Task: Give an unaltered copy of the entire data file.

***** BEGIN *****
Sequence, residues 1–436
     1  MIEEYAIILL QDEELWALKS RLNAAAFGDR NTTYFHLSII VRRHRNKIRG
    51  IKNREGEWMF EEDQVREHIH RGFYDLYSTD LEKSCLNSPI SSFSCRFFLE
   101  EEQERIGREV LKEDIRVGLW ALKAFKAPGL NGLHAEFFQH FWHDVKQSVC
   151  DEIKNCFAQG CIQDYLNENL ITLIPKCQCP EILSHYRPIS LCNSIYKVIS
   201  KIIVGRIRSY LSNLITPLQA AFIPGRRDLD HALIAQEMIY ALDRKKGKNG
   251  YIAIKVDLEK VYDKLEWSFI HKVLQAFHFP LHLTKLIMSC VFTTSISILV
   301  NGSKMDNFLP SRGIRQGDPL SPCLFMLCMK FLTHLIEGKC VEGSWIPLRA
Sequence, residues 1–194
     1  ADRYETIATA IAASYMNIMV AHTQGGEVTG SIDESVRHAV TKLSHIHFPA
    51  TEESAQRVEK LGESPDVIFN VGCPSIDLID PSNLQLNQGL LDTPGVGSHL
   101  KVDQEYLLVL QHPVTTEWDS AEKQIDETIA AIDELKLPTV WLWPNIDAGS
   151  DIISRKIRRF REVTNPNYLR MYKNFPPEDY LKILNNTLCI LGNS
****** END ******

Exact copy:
Sequence, residues 1–436
     1  MIEEYAIILL QDEELWALKS RLNAAAFGDR NTTYFHLSII VRRHRNKIRG
    51  IKNREGEWMF EEDQVREHIH RGFYDLYSTD LEKSCLNSPI SSFSCRFFLE
   101  EEQERIGREV LKEDIRVGLW ALKAFKAPGL NGLHAEFFQH FWHDVKQSVC
   151  DEIKNCFAQG CIQDYLNENL ITLIPKCQCP EILSHYRPIS LCNSIYKVIS
   201  KIIVGRIRSY LSNLITPLQA AFIPGRRDLD HALIAQEMIY ALDRKKGKNG
   251  YIAIKVDLEK VYDKLEWSFI HKVLQAFHFP LHLTKLIMSC VFTTSISILV
   301  NGSKMDNFLP SRGIRQGDPL SPCLFMLCMK FLTHLIEGKC VEGSWIPLRA
Sequence, residues 1–194
     1  ADRYETIATA IAASYMNIMV AHTQGGEVTG SIDESVRHAV TKLSHIHFPA
    51  TEESAQRVEK LGESPDVIFN VGCPSIDLID PSNLQLNQGL LDTPGVGSHL
   101  KVDQEYLLVL QHPVTTEWDS AEKQIDETIA AIDELKLPTV WLWPNIDAGS
   151  DIISRKIRRF REVTNPNYLR MYKNFPPEDY LKILNNTLCI LGNS